Rev. George Crabbe

Robert Southey to J. Neville White, 1808; Selections from the Letters, ed. Warter (1856) 2:90-91.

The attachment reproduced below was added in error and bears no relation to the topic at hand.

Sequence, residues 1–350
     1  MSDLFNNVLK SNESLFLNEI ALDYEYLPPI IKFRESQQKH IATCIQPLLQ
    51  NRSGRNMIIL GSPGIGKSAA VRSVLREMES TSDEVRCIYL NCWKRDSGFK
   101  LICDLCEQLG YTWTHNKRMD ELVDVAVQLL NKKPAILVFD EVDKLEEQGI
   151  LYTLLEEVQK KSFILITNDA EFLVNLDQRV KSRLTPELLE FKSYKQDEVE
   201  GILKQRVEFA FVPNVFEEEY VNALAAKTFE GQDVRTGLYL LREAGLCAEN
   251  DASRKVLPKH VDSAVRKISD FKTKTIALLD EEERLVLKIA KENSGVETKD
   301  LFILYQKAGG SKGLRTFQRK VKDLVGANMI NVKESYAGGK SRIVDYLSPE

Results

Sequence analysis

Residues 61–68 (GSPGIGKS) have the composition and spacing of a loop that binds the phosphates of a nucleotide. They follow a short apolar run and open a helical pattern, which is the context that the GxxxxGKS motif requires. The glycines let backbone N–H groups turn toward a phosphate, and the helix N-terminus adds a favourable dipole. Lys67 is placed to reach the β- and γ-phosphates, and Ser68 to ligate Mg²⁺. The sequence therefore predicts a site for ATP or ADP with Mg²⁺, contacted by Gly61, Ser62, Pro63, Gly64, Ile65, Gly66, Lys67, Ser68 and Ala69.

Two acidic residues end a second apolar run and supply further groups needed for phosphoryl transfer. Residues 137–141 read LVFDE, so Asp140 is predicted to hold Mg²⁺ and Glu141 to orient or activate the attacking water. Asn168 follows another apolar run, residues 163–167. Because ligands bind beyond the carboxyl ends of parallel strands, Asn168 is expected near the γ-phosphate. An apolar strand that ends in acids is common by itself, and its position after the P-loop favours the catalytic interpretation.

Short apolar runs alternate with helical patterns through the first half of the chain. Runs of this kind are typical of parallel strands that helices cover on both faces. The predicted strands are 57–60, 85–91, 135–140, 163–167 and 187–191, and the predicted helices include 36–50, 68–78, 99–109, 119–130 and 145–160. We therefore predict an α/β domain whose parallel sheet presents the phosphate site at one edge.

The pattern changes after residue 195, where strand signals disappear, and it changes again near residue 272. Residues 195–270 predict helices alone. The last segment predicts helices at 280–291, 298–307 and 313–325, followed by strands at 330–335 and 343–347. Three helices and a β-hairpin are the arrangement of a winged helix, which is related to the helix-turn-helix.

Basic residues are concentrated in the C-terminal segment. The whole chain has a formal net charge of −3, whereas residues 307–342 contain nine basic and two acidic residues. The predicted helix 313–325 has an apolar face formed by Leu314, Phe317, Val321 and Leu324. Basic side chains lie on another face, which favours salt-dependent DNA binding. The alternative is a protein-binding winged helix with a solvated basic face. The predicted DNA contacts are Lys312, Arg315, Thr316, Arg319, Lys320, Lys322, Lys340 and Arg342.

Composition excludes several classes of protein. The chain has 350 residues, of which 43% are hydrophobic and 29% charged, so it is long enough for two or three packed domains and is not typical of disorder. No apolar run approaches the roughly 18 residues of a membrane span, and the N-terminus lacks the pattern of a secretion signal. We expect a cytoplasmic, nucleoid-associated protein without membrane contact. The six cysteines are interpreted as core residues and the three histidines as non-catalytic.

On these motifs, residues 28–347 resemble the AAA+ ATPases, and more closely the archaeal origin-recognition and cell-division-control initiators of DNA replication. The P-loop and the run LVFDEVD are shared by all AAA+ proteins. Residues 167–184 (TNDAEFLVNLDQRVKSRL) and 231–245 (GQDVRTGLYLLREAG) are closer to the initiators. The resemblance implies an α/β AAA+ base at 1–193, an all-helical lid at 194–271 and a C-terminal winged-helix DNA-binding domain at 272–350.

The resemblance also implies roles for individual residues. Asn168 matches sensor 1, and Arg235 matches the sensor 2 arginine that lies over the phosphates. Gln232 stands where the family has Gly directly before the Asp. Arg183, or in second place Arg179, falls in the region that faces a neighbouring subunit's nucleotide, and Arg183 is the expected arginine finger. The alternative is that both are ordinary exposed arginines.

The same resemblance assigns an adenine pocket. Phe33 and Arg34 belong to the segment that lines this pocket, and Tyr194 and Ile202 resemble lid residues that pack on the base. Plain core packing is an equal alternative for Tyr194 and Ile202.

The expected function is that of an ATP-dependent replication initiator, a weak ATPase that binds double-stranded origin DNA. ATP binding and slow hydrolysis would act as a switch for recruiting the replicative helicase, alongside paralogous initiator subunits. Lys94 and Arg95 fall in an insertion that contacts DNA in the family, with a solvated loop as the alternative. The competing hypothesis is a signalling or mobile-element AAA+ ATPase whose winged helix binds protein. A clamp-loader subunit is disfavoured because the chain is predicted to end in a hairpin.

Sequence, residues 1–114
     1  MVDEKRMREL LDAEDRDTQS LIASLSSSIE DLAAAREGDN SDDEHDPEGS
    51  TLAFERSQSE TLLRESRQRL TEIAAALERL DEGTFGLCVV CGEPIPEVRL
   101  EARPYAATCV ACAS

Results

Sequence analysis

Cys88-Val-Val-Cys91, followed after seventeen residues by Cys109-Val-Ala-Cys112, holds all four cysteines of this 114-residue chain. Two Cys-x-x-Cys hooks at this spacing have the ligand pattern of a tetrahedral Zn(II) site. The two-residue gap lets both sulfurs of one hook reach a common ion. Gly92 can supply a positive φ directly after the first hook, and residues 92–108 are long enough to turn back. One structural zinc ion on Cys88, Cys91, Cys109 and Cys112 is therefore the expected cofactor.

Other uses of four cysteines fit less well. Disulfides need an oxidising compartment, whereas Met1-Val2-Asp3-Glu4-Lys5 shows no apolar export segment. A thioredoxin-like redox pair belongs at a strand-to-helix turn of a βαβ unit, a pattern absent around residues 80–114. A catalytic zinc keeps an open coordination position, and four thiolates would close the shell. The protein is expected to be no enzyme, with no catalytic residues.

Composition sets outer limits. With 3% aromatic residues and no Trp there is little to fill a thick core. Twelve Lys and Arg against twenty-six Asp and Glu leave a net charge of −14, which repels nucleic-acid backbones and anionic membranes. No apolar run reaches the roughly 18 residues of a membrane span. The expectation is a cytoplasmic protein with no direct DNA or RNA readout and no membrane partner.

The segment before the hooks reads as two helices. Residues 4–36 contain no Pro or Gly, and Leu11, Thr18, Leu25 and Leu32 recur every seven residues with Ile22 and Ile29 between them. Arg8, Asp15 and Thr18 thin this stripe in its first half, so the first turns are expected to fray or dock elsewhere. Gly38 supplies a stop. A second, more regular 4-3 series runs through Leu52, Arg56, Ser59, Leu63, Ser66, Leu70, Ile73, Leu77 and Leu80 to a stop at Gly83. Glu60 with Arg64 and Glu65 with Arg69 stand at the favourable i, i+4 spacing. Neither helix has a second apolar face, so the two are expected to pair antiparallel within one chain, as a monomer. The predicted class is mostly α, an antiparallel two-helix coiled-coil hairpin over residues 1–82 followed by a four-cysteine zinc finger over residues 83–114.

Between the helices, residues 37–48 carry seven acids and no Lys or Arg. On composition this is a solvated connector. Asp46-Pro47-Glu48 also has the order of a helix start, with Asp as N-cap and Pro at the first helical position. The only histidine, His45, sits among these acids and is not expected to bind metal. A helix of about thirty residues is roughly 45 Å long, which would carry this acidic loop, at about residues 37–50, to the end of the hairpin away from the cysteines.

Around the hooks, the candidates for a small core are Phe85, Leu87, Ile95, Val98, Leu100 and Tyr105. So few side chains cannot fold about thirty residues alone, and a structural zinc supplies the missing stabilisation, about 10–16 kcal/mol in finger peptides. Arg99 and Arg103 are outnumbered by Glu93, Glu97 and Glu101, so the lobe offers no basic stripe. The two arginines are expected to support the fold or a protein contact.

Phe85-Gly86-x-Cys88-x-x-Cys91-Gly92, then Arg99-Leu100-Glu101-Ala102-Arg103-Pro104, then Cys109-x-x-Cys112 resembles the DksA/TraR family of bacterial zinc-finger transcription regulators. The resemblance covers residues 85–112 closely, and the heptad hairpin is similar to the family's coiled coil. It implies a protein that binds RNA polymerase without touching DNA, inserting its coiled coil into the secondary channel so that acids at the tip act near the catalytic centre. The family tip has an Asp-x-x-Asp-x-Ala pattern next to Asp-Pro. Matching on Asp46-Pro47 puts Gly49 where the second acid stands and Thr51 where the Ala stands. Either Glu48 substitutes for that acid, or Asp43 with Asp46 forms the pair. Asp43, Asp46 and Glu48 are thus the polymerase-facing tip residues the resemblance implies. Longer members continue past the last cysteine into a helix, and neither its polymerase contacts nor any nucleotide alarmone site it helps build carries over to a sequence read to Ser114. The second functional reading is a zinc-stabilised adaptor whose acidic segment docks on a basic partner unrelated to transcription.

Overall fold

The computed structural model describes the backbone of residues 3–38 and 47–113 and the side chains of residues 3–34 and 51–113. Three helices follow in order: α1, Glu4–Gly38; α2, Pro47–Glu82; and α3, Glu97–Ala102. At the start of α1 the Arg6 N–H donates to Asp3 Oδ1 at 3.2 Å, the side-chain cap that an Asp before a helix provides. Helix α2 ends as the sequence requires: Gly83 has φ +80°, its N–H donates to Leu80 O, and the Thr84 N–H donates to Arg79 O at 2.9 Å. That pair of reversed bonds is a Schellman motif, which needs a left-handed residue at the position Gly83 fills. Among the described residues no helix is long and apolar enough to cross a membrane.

With Crabbe's poems I have been acquainted for about twenty years, having read them when a schoolboy on their first publication, and, by the help of Elegant Extracts, remembered from that time what was best worth remembering. You rightly compare him to Goldsmith. He is an imitator, or rather an antithesizer, of Goldsmith, if such a word may be coined for the occasion. His merit is precisely the same as Goldsmith's, — that of describing actual things clearly and strikingly; but there is a wide difference between the colouring of the two poets. Goldsmith threw a sunshine over all his pictures, like that of one of our water-colour artists when he paints for ladies, — a light and a beauty not to be found in Nature, though not more brilliant or beautiful than Nature really affords. Crabbe's have a gloom, which is also not in Nature, — not the shade of a heavy day, of mist, or of clouds, but the dark and overcharged shadows of one who paints by lamp-light, — whose very lights have a gloominess. In part this is explained by his history. He had formed an attachment in early life to a young woman who, like himself, was absolutely without fortune; he wrote his poems to obtain patronage and preferment. In those days there was not much good poetry, and hardly any negligent criticism. He pushed (as the world says) for patronage with these poems, and succeeded; got preferment sufficient, and married. It was not long before his wife became deranged, and when all this was told me by one who knew him well, five years ago, he was still almost confined to his own house, anxiously waiting upon this wife in her long and hopeless malady. A sad history! No wonder that he gives so melancholy a picture of human life.